But there was more to Merthyr Council Truths than jaunty people power. From the off it was a source of misinformation, usually on the subject of race. Baseless rumours that the YMCA building was being converted into a mosque and that the local primary school was forcing children to pray to Allah caused consternation among locals prejudiced enough to believe such claims. It was a place of censorship too. Several people told me that Merthyr Council Truths, having initially opened up political debate in the area, had become a means of shutting it down. After the independents came into power in 2017, dissenting voices either had their comments deleted or were removed from the group. “It’s very much a dictatorship,” said a former administrator. “Those who don’t subscribe to the views of the administrators are banned.” Heggie admitted more than 1,000 people had been thrown out.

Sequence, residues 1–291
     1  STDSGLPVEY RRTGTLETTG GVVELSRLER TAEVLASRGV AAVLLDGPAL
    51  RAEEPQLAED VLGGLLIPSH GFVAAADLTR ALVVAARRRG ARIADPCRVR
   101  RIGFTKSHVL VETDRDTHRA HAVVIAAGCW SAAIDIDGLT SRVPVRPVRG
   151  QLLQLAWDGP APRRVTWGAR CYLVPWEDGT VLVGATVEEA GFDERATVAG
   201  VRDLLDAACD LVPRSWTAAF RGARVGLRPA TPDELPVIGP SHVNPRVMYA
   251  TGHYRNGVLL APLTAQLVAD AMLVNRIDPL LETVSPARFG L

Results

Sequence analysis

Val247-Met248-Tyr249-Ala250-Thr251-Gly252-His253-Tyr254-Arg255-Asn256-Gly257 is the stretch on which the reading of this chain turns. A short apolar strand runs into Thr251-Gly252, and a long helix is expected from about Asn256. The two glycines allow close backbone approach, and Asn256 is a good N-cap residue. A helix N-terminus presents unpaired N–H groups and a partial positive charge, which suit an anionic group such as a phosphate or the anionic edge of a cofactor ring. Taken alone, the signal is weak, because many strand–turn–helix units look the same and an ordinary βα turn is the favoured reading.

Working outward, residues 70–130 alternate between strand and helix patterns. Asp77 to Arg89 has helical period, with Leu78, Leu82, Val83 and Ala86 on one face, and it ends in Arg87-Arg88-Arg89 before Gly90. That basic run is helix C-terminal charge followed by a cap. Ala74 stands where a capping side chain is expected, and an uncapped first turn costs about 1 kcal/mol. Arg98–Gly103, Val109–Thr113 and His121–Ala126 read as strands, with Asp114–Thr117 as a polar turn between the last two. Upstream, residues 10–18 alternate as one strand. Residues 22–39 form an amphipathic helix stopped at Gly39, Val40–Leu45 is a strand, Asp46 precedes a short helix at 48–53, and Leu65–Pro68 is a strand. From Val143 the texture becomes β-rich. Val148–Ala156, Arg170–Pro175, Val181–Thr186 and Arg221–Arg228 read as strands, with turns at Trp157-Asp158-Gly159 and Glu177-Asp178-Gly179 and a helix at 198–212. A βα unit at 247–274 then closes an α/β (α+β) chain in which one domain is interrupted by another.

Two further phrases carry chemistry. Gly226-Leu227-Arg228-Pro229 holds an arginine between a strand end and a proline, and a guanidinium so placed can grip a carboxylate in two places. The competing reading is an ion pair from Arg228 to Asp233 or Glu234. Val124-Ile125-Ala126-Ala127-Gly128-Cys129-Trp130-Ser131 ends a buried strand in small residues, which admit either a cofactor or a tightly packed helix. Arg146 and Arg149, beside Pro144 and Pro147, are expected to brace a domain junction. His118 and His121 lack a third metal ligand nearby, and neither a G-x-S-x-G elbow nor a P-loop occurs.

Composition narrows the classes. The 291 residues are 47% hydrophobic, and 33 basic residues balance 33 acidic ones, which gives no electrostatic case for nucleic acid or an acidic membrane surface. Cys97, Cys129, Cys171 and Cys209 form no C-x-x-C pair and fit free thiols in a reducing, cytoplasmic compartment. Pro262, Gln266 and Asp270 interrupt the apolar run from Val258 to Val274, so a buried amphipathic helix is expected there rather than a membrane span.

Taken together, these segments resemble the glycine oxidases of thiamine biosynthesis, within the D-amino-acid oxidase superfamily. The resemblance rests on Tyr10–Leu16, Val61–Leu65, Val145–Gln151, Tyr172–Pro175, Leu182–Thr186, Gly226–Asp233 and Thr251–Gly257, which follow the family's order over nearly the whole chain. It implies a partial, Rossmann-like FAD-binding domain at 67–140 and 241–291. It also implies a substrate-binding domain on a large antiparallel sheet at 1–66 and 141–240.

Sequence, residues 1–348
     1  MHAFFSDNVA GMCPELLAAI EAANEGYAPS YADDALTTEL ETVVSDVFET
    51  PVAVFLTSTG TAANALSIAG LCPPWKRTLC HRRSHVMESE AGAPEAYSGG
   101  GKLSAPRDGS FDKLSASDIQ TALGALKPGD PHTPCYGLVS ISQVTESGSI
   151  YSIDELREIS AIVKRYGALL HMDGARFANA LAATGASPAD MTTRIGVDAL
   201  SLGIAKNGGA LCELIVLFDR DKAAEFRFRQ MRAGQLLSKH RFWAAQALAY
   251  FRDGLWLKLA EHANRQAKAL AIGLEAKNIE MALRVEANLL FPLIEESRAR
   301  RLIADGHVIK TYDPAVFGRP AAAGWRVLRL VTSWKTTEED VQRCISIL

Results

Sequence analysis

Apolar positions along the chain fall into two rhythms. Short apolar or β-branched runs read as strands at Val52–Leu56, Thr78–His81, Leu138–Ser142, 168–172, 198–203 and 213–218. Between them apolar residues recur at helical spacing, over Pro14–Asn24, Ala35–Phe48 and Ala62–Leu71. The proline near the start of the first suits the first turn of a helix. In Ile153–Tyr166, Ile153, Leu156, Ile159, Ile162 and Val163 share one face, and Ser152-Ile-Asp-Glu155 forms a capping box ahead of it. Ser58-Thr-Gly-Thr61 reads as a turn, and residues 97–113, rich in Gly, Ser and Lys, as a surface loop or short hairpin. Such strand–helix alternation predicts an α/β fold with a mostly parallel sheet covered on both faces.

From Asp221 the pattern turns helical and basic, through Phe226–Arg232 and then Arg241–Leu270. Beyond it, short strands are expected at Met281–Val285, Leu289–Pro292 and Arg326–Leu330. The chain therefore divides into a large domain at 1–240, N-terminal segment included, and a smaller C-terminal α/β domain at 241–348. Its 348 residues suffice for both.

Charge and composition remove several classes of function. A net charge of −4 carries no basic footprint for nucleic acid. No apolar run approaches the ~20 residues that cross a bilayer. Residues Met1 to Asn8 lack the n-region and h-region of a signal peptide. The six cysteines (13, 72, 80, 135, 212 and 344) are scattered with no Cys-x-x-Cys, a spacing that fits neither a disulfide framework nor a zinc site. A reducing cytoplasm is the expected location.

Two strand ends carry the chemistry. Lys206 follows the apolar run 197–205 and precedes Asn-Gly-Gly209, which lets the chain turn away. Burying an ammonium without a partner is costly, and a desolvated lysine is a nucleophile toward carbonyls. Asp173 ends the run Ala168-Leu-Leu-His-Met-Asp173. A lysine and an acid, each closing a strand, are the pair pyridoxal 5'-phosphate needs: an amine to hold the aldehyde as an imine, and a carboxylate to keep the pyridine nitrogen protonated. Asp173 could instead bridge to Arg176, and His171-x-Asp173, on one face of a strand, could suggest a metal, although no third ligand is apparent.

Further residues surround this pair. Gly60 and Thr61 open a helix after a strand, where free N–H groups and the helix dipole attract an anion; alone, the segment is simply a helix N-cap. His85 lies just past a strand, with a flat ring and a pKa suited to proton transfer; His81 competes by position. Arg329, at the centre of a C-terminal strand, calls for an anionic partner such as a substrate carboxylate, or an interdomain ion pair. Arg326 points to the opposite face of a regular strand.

My reporting in Merthyr Tydfil led me to think that the issue at the heart of this was closed groups: member-only networks where hatred and misinformation could foment, away from people who disagreed with the party line. There was a news peg to that too: Mark Zuckerberg had just published his “privacy-focused vision” for Facebook. It made me think that you could fix the problem merely by bringing people out of the shadows. But I’ve come to realise I was barking up the wrong tree.